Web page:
More than three decades ago, the Executive Association of Kern County was formed to help local businesses grow. The focus of the group is on business and on creating a support network that helps the more than 75 member entrepreneurs succeed.
But over the years, the business group’s members discovered that being involved in the community — as volunteers and donors — can be a key component of their success. Besides helping their companies build solid reputations in the community, being involved and giving back to the community helps create a company culture of altruism and enhances workplace teamwork.
Houchin Community Blood Bank, the nonprofit provider of lifesaving blood products, has been a member of EAKC for many years. It has also been the beneficiary of members’ generosity and support, which has helped sustain the supply of blood available for adults and children suffering serious injuries from accidents, fighting chronic illnesses and diseases, and undergoing major surgeries.
In addition to providing prizes to promote blood donation campaigns and sponsoring Houchin events, many EAKC members are some of Houchin’s top donors.
“I donate blood because I can and it saves lives,” explained John Rodgers of Wells Fargo Investors, who is also a member of EAKC. “It is part of my duty as a citizen. Physically it makes me feel great and forces my body to work to replace it. And I have a sense of pride knowing I have helped someone. I started giving in college in Tampa and when I moved out here, I continued for the last 43 years.
“I support Houchin financially and do it as an owner of a business,” he noted. “If it helps people get to know my name and my company, that is all well and good. I don’t ever expect any return on my monetary or physical investment in Houchin.”
Rodgers, who has donated 21 gallons of blood, 25 platelets and 10 plasma, in addition to supporting Houchin with promotional contributions, is just one of many EAKC members who give a lot of themselves — and I mean a lot — to support Houchin and help save lives in this community.
Consider just this sampling of EAKC members: Ken and Kathy Pistoresi, the owners of Clean Sweep, both are donors. In fact, Kathy nearly lost her life a while ago and needed many blood products herself. Between them, the couple has donated 10 gallons of blood products, including platelets.
Tim Kounter, with Interim Health Care and Bakersfield Senior Placement, is a regular donor and has convinced his children to become donors. Kounter has just hit a 6-gallon milestone and has supported Houchin with “sweetheart packages of certificates” as prizes to encourage others in the community to donate.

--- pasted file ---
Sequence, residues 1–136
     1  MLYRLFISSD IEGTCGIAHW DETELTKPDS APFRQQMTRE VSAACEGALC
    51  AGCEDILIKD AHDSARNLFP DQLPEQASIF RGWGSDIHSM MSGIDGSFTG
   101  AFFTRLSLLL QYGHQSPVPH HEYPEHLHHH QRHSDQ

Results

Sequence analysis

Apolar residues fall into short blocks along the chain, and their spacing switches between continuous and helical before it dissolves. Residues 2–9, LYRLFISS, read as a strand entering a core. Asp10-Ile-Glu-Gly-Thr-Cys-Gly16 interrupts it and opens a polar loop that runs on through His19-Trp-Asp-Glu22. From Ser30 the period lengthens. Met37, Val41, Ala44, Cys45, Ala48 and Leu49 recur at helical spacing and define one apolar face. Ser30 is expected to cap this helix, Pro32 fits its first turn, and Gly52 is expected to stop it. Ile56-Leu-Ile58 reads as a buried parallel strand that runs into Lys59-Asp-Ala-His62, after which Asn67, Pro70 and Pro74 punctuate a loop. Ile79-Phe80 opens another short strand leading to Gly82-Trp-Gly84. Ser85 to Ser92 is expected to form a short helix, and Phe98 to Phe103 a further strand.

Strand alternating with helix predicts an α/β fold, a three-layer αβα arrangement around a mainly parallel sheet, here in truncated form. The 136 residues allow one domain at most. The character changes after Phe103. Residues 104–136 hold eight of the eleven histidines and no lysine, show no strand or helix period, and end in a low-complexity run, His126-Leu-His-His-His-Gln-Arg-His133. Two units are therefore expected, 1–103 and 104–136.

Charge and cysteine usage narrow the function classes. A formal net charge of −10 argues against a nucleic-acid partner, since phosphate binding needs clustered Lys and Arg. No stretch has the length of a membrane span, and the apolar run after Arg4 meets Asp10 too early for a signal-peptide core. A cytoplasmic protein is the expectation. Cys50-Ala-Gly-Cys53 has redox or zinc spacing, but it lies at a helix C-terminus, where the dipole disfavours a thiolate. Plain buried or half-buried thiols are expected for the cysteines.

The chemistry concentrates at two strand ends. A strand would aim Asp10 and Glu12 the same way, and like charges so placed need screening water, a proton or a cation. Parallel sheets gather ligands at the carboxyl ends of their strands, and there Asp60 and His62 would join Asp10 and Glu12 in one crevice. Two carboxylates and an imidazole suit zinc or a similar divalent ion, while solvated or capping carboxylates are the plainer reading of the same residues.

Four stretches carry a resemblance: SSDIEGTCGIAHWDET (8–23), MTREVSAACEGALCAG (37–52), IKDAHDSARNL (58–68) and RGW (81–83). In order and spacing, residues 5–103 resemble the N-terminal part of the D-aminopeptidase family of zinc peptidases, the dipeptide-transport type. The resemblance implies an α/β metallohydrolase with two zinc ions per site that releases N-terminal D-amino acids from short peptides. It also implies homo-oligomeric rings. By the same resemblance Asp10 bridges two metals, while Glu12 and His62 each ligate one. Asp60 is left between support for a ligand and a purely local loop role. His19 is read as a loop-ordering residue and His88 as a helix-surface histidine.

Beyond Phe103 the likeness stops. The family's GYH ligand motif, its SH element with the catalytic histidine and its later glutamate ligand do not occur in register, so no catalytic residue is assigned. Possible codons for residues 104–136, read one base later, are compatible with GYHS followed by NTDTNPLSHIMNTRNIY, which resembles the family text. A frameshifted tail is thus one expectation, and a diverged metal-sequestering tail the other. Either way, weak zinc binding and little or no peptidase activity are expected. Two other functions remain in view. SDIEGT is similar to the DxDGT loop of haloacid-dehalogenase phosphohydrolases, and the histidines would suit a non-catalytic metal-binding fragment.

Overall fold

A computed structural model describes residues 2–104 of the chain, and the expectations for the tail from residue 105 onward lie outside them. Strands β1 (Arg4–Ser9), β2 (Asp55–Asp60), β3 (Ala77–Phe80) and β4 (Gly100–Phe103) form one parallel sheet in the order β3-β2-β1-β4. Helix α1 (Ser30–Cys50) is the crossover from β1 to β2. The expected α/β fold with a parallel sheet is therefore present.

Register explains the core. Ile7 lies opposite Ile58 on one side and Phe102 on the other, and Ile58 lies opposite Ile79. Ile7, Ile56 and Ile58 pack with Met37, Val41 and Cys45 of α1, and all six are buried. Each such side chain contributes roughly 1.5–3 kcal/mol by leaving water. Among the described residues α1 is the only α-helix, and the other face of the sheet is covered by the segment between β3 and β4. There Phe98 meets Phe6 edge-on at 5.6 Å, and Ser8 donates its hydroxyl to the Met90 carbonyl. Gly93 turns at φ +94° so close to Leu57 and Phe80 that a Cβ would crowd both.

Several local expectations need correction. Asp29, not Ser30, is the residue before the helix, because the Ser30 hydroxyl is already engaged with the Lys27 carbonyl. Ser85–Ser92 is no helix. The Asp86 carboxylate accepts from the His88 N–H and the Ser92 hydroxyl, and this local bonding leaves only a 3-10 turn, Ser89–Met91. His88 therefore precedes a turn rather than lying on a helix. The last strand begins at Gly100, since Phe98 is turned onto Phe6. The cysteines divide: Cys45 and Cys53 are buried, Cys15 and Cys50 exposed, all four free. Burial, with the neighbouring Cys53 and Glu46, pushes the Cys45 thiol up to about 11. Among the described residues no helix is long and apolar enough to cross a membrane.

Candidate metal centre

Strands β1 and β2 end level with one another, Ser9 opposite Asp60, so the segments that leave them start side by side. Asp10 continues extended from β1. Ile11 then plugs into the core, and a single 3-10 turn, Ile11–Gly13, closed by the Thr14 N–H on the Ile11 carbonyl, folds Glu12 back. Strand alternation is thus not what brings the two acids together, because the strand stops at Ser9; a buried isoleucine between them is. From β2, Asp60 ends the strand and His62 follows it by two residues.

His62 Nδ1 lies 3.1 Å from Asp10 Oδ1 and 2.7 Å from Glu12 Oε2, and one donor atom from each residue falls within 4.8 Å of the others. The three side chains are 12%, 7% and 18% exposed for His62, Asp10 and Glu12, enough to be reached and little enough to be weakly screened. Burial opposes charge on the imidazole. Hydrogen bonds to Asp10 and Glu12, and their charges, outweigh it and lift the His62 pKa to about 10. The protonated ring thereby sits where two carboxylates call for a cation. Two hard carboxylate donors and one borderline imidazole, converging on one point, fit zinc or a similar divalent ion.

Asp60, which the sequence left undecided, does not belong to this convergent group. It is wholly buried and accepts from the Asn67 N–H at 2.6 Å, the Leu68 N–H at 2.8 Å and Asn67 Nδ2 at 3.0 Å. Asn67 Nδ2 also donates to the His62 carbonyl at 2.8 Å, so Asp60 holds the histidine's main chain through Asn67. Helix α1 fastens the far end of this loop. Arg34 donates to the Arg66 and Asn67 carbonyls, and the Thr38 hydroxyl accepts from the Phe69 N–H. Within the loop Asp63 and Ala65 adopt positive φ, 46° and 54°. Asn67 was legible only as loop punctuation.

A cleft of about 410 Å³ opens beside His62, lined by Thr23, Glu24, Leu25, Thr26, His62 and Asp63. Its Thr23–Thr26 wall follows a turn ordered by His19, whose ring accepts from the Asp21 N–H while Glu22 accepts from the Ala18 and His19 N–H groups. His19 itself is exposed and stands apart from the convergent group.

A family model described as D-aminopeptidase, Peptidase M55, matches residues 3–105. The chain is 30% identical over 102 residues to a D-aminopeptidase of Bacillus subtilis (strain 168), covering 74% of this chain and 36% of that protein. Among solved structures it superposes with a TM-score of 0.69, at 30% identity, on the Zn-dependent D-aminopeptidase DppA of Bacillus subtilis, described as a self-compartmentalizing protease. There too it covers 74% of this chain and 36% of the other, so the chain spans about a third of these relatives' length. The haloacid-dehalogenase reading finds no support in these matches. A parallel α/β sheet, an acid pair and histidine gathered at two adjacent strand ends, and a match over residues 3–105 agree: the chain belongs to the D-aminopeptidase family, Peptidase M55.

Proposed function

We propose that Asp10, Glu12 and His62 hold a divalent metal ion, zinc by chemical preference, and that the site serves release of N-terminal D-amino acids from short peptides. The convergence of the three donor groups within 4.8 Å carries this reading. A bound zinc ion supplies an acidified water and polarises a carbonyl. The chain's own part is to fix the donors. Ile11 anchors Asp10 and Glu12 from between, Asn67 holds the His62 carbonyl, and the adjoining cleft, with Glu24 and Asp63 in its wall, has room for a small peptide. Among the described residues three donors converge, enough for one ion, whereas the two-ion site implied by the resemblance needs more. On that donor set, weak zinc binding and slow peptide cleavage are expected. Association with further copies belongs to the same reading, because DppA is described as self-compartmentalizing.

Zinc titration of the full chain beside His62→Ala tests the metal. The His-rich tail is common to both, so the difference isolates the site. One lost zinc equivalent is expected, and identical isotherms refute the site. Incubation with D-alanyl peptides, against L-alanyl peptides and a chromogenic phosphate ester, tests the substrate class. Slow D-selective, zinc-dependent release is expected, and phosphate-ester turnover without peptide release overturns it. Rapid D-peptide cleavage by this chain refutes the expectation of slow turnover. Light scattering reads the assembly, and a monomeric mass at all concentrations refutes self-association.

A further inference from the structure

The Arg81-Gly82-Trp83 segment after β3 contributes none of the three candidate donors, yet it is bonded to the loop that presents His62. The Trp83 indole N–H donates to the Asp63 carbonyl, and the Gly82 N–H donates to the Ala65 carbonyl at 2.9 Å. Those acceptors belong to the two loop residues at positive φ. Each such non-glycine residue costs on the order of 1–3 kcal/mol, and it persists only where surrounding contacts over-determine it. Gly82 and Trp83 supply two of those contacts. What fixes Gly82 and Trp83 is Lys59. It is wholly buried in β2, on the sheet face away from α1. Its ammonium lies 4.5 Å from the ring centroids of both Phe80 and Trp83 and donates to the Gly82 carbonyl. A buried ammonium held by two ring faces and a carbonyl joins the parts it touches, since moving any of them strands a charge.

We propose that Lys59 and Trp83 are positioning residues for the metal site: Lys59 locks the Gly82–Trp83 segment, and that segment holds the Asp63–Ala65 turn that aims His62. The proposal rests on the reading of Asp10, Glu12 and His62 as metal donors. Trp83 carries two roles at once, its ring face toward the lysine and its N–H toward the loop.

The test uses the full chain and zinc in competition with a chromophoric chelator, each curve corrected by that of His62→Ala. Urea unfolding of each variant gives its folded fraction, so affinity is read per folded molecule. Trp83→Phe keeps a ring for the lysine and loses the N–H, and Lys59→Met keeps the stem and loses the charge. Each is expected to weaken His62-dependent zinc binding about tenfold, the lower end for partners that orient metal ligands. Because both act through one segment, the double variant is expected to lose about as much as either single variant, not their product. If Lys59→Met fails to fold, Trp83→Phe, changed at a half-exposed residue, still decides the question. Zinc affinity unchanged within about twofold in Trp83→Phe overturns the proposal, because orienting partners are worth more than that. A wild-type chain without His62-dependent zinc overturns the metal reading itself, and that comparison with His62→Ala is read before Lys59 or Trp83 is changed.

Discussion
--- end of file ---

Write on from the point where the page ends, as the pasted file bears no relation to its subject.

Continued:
During holidays, including the summer vacation months, Houchin’s blood supplies can reach precariously low levels. Regular donors and student donors are away from home and unavailable to donate. Outdoor activities also can result in tragic accidents that require transfusions of whole blood and blood products, such as plasma and platelets.
Consider some of these average demands for blood: cancer (8 units a week), leukemia (2 units a day), heart bypass surgery (5 units), bleeding ulcer (30 units), hip replacement (5 units), brain surgery (10 units), sickle cell anemia (4 units per treatment), auto accident victim (50 units) and organ transplant (40 units). There have been instances where patients receiving a liver transplant required 100 units of blood.
Blood is composed of a mixture of cells that are suspended in a fluid that is called plasma. Red cells transport oxygen around the body, replenishing organs and tissue. White cells fight off such things as bacteria and help prevent infection. Plasma, which contains proteins, salts and clotting factors, is the liquid component of blood. Platelets, which are very small fragments of cells, work with plasma to help prevent bleeding.
When a patient undergoes chemotherapy or radiation therapy to treat an aggressive cancer, for example, the treatment can destroy their bone marrow, where blood cells are formed. Until the bone marrow can recover, the patient will likely need platelet transfusions to survive.
Businesses are encouraged to call Houchin Community Blood Bank at 661-323-4222, or 877-364-5844 to schedule a company blood drive. Individuals can call those same numbers to schedule a time to donate blood.
Greg Gallion is the president of the Bakersfield-based Houchin Community Blood Bank. For more information about donating blood, platelets and plasma, go online to www.hcbb.com.